Silvo-arable agroforestry, the practice of planting trees between crops, has been largely successful on the 125 hectare Whitehall Farm, reportedly reducing soil erosion and increasing agro-biodiversity. Agro-ecology principles have also been embraced to attract wildlife including pollinators and pest predators.
In 2009, Stephen and Lynn Briggs started planting rows of apple trees 27 metres apart, leaving enough space for farm machinery to cultivate cereals in the alleys between them. The apple trees are intended to provide several benefits to the farming system including improved soil quality and greater resilience through crop diversity. Furthermore, the direction of the planted tree rows allows for optimised sun exposure during the day for all crops, extending harvesting possibilities throughout the year. Agro-ecology principles were also adopted throughout the farm including leaving 15% of the area as habitat for pollinators and pest predators. Wildflower strips beneath trees attract pollinators and grassy flower-rich buffers around the fields protect the soil from being washed into watercourses. Ditches dug are deliberately left unkempt to provide habitat for wildlife. Seed mix strips are sown to feed farmland birds.
Overview of context and outcomes:
Soils at Whitehall Farm are particularly susceptible to wind erosion, a challenge that was exacerbated by the destabilised quality of the soil prior to the introduction of agroforestry principles. The tenants managed to secure a 15 year tenancy as opposed to the traditional 3-4 year tenancy to allow significant time for their agroforestry investments and efforts on the 125 hectare plot to succeed.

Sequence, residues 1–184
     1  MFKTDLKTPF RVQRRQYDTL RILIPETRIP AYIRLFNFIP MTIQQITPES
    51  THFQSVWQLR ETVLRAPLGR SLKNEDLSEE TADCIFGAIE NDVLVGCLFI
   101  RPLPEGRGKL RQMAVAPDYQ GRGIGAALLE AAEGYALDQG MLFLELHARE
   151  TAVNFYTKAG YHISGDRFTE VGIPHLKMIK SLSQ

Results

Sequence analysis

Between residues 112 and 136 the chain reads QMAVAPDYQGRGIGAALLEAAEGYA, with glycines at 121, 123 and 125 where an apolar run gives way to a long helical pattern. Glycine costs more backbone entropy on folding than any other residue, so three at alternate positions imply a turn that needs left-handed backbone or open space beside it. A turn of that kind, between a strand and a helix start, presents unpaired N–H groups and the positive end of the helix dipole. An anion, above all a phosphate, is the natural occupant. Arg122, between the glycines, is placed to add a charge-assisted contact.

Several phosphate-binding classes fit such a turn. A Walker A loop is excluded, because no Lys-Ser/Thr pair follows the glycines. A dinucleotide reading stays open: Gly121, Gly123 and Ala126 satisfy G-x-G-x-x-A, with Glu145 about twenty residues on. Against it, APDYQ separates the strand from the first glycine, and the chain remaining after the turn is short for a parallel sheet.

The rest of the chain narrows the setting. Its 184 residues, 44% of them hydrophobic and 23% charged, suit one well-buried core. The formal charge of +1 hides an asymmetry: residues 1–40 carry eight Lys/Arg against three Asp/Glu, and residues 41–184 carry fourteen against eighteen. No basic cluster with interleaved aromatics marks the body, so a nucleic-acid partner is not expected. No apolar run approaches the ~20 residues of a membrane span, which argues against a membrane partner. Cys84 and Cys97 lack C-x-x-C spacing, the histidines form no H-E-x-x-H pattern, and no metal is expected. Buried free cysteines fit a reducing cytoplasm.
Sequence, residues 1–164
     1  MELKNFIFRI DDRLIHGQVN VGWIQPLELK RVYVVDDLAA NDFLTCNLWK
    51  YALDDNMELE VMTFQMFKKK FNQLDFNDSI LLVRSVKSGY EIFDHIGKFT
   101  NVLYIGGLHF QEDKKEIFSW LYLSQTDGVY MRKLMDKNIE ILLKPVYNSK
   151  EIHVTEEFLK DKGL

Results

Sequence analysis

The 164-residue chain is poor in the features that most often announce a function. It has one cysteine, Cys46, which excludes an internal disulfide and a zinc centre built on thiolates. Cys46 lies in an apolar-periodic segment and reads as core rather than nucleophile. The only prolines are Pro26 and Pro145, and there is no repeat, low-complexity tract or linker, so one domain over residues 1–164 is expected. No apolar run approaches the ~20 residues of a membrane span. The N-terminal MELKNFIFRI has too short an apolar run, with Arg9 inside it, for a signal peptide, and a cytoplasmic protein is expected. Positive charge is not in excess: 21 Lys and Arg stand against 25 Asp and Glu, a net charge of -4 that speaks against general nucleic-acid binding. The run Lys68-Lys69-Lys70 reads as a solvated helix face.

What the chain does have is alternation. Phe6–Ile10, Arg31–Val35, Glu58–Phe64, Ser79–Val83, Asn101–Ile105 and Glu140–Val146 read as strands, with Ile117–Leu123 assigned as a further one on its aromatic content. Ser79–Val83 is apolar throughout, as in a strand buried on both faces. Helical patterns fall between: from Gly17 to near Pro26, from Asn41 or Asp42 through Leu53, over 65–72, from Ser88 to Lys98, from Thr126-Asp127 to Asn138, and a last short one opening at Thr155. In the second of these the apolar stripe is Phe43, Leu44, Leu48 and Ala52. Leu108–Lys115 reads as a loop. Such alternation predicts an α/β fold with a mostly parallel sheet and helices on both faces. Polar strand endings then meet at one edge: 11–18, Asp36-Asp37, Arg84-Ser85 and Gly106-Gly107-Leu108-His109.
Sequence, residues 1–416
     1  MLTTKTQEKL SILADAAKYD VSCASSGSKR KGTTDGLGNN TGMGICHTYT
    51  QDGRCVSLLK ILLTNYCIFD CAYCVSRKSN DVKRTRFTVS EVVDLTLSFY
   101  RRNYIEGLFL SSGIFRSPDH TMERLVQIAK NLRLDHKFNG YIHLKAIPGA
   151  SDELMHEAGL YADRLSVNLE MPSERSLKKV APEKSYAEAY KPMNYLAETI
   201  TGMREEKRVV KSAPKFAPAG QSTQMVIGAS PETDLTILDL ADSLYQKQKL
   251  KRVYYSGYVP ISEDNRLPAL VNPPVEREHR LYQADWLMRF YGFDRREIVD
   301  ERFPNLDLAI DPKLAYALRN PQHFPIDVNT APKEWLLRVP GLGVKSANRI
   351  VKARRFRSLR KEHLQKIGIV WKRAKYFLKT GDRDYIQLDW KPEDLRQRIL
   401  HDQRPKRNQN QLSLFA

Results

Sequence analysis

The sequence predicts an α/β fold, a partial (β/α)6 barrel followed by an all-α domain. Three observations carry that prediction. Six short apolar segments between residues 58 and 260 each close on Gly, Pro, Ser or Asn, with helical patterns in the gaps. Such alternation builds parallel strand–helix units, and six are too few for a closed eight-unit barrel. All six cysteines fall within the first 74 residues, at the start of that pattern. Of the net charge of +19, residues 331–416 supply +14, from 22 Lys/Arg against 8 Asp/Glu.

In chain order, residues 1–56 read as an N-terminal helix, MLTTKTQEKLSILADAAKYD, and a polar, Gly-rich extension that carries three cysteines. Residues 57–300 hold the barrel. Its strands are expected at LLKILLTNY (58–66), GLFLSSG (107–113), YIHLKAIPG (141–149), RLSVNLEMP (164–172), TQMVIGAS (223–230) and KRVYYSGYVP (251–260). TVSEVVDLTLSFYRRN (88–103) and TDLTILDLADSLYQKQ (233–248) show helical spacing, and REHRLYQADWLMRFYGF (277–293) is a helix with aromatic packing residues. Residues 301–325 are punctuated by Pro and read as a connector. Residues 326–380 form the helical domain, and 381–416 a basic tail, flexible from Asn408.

Diversified crop production and tree cover has reportedly reduced soil erosion and helped protect the farm from extreme weather risks. The sale of apples and apple juice and a recently opened farm shop have served to diversify the farm’s income stream, an important buffer should the principal cereal crop be affected by adverse weather.
Agro-ecology techniques have been reported to increase some measures of biodiversity on the farm. For example, anecdotal evidence indicates higher numbers of reed buntings, little owls, and barn owls as a result of the interventions
A farm shop and café have created additional income sources for the farm owners. The farm is also used as a demonstration and education site, to encourage others to adopt agroforestry methods and teach interested visitors about sustainable agroforestry.
This project is governed by the farm owners with collaboration from the landowners allowing for extended leases to develop the agroforestry farming approach.
Financing for the project was provided by the farmers implementing the agroforestry scheme on the basis of future income generation.
A baseline botanical and bird survey was conducted on the property before the implementation of the intervention. Since then continued monitoring has occurred through the RSPB with a particular focus on farmland birds.
The land-tenure system associated with farming in the United Kingdom disincentivizes the implementation of long-term agricultural projects such as agroforestry. While the farm has secured a 15-year lease, longer term leases would allow for the farmers involved to plan with more stability.